There’s nothing like watching a grizzly do its thing on Canada’s wild northwest coast. Doing what bears do and have done for thousands of years.
They’re eating sedge grass that grows thick and rich along the ocean’s edge – swiping at it with powerful paws and wolfing it noisily back. (They’ll do this through summer until the salmon run in early fall.)
They’re rearing up and leaning against ancient cedar trees to scratch their backs – swaying to and fro like shaggy hula dancers with big, swinging bellies.
And they’re cooling off in salty waters, rolling and floating – the surprisingly graceful swimmers that they are – before hoisting their enormous wet frames back onto shore and strolling lazily through fields of Indian paintbrush.
What I saw during my visits to the Khutzeymateen – one of Canada’s only protected wild grizzly bear sanctuaries – changed me and my view of the Canadian wilds forever.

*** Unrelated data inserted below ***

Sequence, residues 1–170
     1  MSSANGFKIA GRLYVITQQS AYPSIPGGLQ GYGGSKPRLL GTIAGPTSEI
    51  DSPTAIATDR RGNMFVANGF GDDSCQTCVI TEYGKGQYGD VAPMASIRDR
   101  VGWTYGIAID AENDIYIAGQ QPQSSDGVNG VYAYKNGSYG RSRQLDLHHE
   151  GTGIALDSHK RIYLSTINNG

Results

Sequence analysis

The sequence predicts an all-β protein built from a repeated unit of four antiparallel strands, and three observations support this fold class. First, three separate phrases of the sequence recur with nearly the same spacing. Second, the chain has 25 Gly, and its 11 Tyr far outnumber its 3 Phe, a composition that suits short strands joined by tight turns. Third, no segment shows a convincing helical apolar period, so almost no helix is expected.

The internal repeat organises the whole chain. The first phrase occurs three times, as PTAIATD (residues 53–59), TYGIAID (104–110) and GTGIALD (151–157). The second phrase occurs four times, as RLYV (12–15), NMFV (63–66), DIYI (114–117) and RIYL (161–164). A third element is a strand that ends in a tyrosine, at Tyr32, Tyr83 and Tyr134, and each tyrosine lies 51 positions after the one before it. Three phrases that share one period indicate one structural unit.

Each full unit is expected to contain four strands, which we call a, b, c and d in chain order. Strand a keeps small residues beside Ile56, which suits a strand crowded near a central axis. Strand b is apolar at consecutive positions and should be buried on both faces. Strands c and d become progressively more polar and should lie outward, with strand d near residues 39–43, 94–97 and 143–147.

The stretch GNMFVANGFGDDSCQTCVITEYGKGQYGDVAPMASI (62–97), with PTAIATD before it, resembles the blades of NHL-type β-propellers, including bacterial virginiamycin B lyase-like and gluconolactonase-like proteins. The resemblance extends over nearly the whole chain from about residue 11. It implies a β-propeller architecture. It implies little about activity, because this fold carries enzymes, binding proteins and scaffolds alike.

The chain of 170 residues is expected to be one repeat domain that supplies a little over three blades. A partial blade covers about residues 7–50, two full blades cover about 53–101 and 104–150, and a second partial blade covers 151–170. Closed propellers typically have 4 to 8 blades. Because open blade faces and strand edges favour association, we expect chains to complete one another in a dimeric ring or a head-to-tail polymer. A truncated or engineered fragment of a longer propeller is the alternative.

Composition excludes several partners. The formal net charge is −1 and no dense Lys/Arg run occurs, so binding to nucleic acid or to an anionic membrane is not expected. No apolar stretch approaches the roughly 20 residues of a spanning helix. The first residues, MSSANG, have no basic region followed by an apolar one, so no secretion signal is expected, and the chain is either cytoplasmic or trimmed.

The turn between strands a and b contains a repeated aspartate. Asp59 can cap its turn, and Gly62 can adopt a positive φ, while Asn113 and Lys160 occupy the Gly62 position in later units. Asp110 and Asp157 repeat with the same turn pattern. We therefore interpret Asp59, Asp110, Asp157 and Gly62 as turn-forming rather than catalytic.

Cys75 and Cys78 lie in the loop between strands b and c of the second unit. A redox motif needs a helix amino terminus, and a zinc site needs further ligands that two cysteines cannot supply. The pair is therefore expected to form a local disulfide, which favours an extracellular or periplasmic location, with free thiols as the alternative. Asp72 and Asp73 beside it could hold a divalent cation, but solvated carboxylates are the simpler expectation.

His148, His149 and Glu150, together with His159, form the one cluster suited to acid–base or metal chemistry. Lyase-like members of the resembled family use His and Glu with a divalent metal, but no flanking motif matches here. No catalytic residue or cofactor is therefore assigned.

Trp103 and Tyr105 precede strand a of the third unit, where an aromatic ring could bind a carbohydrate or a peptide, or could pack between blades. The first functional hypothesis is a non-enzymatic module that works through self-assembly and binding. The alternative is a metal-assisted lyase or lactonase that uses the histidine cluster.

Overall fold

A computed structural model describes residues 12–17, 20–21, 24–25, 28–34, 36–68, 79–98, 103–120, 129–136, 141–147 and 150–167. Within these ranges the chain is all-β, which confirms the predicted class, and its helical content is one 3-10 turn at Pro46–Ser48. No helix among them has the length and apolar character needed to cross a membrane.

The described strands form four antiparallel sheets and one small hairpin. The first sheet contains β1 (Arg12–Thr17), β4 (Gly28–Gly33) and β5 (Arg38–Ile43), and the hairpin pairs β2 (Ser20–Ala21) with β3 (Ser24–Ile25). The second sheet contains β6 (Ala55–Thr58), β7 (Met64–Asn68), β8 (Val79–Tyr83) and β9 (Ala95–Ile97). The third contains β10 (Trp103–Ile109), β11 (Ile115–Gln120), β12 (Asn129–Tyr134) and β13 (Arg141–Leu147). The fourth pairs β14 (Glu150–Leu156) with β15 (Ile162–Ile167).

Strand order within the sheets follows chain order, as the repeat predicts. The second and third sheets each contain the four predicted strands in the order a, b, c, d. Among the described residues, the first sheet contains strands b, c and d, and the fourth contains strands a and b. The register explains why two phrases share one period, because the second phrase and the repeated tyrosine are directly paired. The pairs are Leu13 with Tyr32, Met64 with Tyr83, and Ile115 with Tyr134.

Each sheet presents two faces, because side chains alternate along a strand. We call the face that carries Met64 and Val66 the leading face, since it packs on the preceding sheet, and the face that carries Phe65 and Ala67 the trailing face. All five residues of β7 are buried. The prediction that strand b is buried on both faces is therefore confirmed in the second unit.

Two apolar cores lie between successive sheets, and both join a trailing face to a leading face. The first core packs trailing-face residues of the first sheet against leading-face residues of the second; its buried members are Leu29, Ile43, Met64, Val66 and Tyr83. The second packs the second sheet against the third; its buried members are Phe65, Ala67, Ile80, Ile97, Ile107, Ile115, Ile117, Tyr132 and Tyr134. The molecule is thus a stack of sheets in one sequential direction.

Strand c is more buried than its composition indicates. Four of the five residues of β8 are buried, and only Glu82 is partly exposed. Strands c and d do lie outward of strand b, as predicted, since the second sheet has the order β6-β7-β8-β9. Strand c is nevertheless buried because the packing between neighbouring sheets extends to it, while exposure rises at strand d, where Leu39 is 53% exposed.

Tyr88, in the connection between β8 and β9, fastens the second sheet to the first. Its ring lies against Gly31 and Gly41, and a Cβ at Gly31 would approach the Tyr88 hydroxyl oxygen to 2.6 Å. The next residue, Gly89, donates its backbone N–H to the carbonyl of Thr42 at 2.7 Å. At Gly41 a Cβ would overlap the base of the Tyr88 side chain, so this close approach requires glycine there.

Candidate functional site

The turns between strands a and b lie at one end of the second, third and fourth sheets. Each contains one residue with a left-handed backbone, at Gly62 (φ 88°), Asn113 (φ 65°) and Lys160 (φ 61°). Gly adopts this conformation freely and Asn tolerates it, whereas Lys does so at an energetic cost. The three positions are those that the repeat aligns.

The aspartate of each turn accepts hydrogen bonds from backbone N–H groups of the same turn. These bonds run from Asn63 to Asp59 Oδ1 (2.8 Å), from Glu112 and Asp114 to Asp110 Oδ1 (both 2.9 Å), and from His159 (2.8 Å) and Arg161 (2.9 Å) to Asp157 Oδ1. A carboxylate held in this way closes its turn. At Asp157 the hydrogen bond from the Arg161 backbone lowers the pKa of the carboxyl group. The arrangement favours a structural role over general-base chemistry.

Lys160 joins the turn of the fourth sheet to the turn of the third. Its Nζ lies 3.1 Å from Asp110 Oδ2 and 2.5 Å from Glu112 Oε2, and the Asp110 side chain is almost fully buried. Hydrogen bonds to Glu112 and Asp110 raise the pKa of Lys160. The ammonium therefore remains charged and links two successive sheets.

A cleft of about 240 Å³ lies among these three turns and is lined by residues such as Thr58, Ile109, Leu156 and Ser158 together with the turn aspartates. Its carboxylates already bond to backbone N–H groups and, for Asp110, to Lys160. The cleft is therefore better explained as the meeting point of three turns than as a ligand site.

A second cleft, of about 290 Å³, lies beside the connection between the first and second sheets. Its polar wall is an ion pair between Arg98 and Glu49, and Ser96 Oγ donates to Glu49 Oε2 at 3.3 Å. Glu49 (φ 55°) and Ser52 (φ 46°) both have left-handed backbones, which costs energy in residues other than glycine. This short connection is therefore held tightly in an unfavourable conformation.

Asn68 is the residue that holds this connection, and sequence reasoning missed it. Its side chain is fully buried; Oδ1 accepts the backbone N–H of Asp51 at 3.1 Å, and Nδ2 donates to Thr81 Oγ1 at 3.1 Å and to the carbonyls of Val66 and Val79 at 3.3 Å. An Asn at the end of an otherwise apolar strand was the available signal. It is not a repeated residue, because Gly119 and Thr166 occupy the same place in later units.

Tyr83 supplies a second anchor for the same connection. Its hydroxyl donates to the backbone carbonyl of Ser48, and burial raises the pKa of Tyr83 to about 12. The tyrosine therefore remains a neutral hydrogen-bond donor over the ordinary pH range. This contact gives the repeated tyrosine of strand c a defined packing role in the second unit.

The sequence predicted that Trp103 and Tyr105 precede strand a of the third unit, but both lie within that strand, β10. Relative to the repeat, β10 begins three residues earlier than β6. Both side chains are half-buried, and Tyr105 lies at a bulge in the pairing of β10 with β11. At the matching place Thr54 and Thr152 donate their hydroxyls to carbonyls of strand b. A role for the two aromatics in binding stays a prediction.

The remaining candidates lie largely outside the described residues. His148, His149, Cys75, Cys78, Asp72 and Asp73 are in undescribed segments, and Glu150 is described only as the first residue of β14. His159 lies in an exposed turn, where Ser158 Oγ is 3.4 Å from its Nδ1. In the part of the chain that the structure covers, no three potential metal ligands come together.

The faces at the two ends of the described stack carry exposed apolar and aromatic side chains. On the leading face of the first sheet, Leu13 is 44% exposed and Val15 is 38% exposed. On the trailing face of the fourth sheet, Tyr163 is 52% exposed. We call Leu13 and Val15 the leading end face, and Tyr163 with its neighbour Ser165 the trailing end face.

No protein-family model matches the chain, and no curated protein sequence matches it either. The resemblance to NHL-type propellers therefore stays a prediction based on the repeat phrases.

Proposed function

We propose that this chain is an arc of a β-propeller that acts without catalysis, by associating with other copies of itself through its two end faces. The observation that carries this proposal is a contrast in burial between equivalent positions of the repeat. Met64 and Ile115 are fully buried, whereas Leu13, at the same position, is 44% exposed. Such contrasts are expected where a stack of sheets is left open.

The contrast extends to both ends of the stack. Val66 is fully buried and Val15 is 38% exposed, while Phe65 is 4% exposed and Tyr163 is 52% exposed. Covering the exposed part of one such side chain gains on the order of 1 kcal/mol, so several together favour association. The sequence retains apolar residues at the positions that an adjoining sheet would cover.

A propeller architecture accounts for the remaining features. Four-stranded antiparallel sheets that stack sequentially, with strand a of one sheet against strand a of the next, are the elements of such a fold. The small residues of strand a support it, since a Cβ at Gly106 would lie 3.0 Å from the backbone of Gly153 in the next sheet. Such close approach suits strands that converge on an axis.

As a result, I tell everyone I know about “The Khutz” – named after a local Tsimpshian word for “place of bear and salmon” and located along Canada’s northwest coast not far from Prince Rupert, B.C.
Jeff Gailus – award-winning writer, environmental activist and author of The Grizzly Manifesto – gets it.
Gailus will argue there’s no better way to understand the importance of protecting these vulnerable animals – once said to put the “wild in wilderness” – than to observe them in their own home.
“Anyone who has watched grizzlies live their lives – running down a bison calf for breakfast, plucking juicy berries with tender lips for supper, making love for days on end before moving on to other pastures – cannot help but see ourselves in their eyes,” wrote Gailus recently in an e-mail.
For sure, heading into this remote region of Canada – along with an informed tour guide like Doug Davis from Prince Rupert Adventure Tours (who I highly recommend) – was a thrilling adventure.
What remains, on the other hand, is so much bigger.